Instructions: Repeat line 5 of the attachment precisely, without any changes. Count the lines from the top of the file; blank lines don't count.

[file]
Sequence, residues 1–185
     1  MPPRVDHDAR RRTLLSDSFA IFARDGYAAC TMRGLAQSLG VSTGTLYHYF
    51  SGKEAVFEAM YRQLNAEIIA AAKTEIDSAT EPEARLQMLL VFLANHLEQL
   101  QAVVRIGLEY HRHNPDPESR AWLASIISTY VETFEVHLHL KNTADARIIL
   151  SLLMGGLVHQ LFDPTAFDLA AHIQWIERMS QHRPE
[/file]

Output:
   151  SLLMGGLVHQ LFDPTAFDLA AHIQWIERMS QHRPE